Liberal Leader Michael Ignatieff dropped his first big-ticket promise of the campaign on Tuesday - $1,000 a year of tax-free cash for every Canadian high school student who goes on to university, college or CEGEP ($1,500 for low-income students).
The so-called Canadian Learning Passport (cost: $1-billion a year) starts with a lofty premise. The global economy is creating haves and have-nots, and the clear winners are those with the knowledge and skills that come from higher education. To stay competitive, Ottawa needs to ensure more young Canadians can afford to get there.
The Liberals are strategically targeting middle-class families, where angst is growing about soaring tuition costs and crushing student debt. Undergraduate university tuition reached an average of $5,138 last year, low by U.S. standards, but still a lot more than many families can bear. And tuition fees are rising at twice the rate of inflation. Costs are even higher in the most specialized fields, leaving medical students, for example, with average debts of $100,000 when they're done.
The plan seems not quite ready for prime time, as the Liberals rush to gain a campaign edge. It offers $1,000 for attendance at all types of postsecondary institutions. But some schools, such as Quebec's CEGEPs charge less than that, meaning some students could turn a profit by going to school. Liberal Party officials later clarified that such payouts would be limited to actual fees paid and would stretch over five years instead of four. This would add complexity to a program designed to be clean and simple.
Nothing comes for free, and Mr. Ignatieff says he'd pay for the plan partly by reinstating the 18-per-cent corporate tax rate and by scrapping existing education and textbook tax credits. The Conservatives counter that the loss of the education tax breaks could deprive Canadians of nearly $700-million a year worth of tax relief, sharply reducing the net benefit. Liberals say they would merely change the "delivery method," giving Canadians money up front when it's most needed.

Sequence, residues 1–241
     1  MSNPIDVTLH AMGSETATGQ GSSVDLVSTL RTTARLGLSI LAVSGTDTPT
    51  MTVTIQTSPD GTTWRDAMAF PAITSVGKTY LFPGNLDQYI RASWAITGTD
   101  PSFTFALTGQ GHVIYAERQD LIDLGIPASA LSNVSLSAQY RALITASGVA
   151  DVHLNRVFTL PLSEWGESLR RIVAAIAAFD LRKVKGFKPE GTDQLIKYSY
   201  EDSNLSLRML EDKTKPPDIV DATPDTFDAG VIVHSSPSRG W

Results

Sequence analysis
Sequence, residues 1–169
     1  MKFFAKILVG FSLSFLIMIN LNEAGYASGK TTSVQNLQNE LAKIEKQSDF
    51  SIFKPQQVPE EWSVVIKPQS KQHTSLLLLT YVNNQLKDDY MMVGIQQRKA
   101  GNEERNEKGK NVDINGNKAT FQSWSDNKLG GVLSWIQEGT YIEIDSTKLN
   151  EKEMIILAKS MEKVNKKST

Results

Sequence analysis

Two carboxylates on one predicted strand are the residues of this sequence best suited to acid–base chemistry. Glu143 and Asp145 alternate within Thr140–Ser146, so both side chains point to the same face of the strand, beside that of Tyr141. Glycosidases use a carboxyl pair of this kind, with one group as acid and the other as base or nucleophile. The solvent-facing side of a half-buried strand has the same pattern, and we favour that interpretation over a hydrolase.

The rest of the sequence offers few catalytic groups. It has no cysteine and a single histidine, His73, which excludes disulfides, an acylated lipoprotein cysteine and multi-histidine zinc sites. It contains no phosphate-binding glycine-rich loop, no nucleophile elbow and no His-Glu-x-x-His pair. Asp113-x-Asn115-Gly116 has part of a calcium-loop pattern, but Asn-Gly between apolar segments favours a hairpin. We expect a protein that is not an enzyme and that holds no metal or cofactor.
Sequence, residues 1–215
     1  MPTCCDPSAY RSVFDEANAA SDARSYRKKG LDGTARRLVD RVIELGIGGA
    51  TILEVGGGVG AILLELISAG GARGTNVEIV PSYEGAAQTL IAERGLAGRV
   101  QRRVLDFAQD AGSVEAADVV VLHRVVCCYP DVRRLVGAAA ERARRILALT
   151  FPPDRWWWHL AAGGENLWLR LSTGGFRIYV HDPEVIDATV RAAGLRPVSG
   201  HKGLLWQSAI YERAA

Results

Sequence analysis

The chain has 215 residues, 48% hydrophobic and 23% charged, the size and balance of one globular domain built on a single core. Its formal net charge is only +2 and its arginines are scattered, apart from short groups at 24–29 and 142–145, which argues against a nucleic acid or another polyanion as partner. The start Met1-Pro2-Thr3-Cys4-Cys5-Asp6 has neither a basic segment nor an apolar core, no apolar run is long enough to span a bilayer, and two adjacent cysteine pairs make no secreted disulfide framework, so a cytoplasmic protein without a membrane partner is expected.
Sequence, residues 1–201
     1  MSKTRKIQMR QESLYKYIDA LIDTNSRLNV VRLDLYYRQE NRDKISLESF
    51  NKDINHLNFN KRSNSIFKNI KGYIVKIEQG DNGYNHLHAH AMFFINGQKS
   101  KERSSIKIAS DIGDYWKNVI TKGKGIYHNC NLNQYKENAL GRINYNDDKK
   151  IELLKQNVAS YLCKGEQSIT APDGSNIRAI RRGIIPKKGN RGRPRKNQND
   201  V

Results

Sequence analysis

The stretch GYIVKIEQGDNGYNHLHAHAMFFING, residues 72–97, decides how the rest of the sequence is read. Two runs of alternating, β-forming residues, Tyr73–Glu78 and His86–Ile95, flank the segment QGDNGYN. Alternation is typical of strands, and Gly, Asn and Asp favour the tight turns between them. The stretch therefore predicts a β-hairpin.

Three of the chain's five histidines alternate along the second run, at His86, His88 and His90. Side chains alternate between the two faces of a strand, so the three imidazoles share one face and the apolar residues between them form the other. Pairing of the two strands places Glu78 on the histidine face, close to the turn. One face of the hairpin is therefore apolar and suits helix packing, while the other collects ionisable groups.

A BETTER WAY?
The Liberals purposely bypassed existing programs with their billion-dollar promise. So why not have a policy to beef up student grant and loan programs, or boost transfers to the provinces for education? Party sources said they want something that would deliver cash "direct to families" (translation: win votes among key constituents).
The passport offers simplicity. Open a Registered Education Savings Plan and you get the money - $1,000 a year for four years. But education experts say this might not be the best way to steer limited resources to the most needy. The best way is to put extra cash into means-tested grants and loans, according to both the Canadian Federation of Students and the Association of Universities and Colleges of Canada. Both groups said they're thrilled the parties are all talking about higher education, but argue the "passport" scheme needs some work.
AUCC president Paul Davidson said the $1-billion would do nothing to improve the quality of schools or open more spots for students. And CFS president David Molenhuis said the new money would be "eroded" by soaring tuition.
THE BOTTOM LINE:
To succeed, the Liberals will have to turn their promise into workable public policy, particularly in the event of another minority government. Don't bank on this one just yet.
UNIVERSITY TUITION AROUND THE WORLD
Private/Public (all figures are U.S. dollars)
United States: $21,979/$5,943
South Korea: $8,519/$4,717
Britain: no private/$4,678
Canada: no private/$3,693
New Zealand: no private/$2,734
France: no private/$1,206
Czech Republic: no private/free
Sweden: no private/free
Denmark: no private/free
Finland: no private/free
Ireland: no private/free
(Source: OECD report Education at a Glance 2010, based on 2006-07 tuition fees. Excludes room and board)